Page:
“… the ideal family does not exist but great families do exist.”

by | Jun 5, 2017 | Family, WMOF 2018, WMOF2018 Archive

Archbishop Diarmuid Martin at Dublin Conference (1 June 2017) for national delegates preparing for World Meeting of Families 2018.

Speaking notes of Most Rev. Diarmuid Martin, Archbishop of Dublin

World Meeting of Families 2018 Delegates Dublin Conference
Dublin City University, 1st June 2017

“Welcome to Dublin.  I am very honoured that Pope Francis has chosen the Archdiocese of Dublin to host the World Meeting of Families 2018.  The entire Church in Ireland looks forward to this event and looks with confidence at the World Meeting as a moment of a renewal and a strengthening of Christian family life inspired by the Joy of the Gospel.

I welcome you all to Dublin and, in particular, I welcome Cardinal Kevin Farrell President of the Dicastery for Laity, family and life to a city, which despite having spent so much of his life and ministry in the United States of America, he still knows well.

The World Meeting of Families is not just a five-day event due to take place in August 2018.  It is part of a process which Pope Francis initiated by calling two Sessions of the Synod of Bishops, prepared by a worldwide consultation, about the role of the family in modern day society around the world and how the Church should respond.

Pope Francis drew together the fruits of those Synodal discussions in a wonderful document Amoris Laetitia, the Joy of Love, in which he reflected on the deep significance of the mutual love of spouses and of the love of spouses for their children for the good of humanity and the stability of society everywhere.

Today in public debate about the family, we so often speak in terms of crisis.  Pope Francis looks to the family with a tone of confidence.  He does not idealize the family.  He is very realistic “I thank God that many families, which are far from considering themselves perfect, live in love, fulfil their calling and keep moving forward, even if they fall many times along the way”

The World Meeting of Families will be a moment when we will speak of confidence, but also of realism stressing both the challenges and the joys of family life.  That is the reality of the life of every family:  the ideal family does not exist.  Great families do exist. They need the support of the Church.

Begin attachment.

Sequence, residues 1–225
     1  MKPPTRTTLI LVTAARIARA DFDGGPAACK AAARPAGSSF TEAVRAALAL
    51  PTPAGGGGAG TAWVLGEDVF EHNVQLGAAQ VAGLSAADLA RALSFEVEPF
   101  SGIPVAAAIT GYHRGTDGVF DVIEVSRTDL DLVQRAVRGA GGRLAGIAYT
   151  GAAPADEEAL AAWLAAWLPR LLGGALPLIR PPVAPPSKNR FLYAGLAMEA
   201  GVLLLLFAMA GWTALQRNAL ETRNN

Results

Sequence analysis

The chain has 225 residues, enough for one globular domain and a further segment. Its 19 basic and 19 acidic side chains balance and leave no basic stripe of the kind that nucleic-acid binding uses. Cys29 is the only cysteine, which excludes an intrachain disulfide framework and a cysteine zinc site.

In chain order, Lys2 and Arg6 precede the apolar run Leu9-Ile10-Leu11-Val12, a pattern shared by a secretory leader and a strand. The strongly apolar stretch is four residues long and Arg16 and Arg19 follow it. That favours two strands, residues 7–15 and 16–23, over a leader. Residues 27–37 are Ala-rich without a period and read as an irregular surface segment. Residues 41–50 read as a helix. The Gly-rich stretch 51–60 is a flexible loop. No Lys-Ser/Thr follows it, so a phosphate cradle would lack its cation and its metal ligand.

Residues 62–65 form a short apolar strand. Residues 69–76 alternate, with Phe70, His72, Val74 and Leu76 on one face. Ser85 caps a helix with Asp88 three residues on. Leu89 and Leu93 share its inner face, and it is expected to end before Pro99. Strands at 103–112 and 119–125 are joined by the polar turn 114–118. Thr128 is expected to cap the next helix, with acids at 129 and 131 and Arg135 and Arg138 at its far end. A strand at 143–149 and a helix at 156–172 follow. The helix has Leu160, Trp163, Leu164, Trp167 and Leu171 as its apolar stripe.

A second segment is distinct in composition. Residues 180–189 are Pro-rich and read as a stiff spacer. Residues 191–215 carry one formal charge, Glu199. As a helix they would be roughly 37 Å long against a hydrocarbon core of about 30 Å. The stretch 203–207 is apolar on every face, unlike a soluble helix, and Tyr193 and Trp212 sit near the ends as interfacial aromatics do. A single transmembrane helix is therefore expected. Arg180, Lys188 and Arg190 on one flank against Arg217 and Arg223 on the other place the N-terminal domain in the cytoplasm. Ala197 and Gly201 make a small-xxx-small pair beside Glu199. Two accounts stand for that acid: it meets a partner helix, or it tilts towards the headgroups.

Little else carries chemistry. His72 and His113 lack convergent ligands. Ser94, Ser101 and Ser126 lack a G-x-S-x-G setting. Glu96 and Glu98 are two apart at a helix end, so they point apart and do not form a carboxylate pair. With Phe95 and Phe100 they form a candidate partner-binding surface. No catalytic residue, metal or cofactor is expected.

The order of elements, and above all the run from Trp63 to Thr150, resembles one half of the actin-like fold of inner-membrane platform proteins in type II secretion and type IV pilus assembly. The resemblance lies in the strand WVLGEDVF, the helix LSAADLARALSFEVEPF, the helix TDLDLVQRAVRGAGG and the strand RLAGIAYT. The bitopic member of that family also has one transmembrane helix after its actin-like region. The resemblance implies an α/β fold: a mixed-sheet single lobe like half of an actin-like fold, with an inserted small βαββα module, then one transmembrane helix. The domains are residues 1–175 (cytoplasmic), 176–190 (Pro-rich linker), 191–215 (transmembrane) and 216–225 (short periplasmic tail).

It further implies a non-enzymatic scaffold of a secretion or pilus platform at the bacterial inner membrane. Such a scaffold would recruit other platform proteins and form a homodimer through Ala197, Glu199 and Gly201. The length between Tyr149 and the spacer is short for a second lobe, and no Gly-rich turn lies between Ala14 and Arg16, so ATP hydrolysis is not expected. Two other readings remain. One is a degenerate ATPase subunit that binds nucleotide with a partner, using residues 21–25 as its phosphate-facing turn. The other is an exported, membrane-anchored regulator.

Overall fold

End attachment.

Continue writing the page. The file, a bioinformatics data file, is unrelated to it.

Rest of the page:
The message of the World Meeting must be that the Church wishes to be close to families, especially those who experience challenge.  It must be a message that brings home the fact the Church recognises the difficulties families encounter.  It must be a message that recognises that families fail, but that recognition should never appear in a way in which families are left feeling alienated or condemned.

The message of the love and mercy of Jesus is a message that opens out an ideal, but which knows also that Jesus himself is there at every stage holding out a helping and redeeming hand when people fail. Jesus reaches out lifting up those who feel that they cannot reach an ideal; he challenges young people to rise up to understand the value of fidelity in a world where everything seems provisional and can be thrown away when it might seem that it has no immediate utility.

Our meeting in these days is aimed at helping you, our guests from various parts of the world, to understand what the World Meeting is about and how and where it will be celebrated.  But we meet already entering into the spirit of the World Meeting and I am very grateful to the representatives of the Bishops’ Conference of England and Wales who have accepted our invitation to lead a seminar on Marriage Preparation, a theme which Amoris Laetitia indicated as a vital component of any renewal of our understanding of Christian marriage.

Our gathering of men and women responsible for the pastoral care and the promotion of the family is a moment in which we reflect on the common concern of the Church for the family in widely different social and cultural contexts.  I wish the meting every success and blessing and I hope that your experience here in Dublin in these days will be a catalyst for you in helping spread the message about the significance of the World Meeting and of the warm welcome that the participants at the Meeting will experience when they come to Dublin in 2018.

I hope also that you will go away renewed in your commitment to fostering marriage and family life wherever you live and minister, and that you will draw from this meeting some new insights about the deep joy which can be inspired by the Gospel of the Family.   ENDS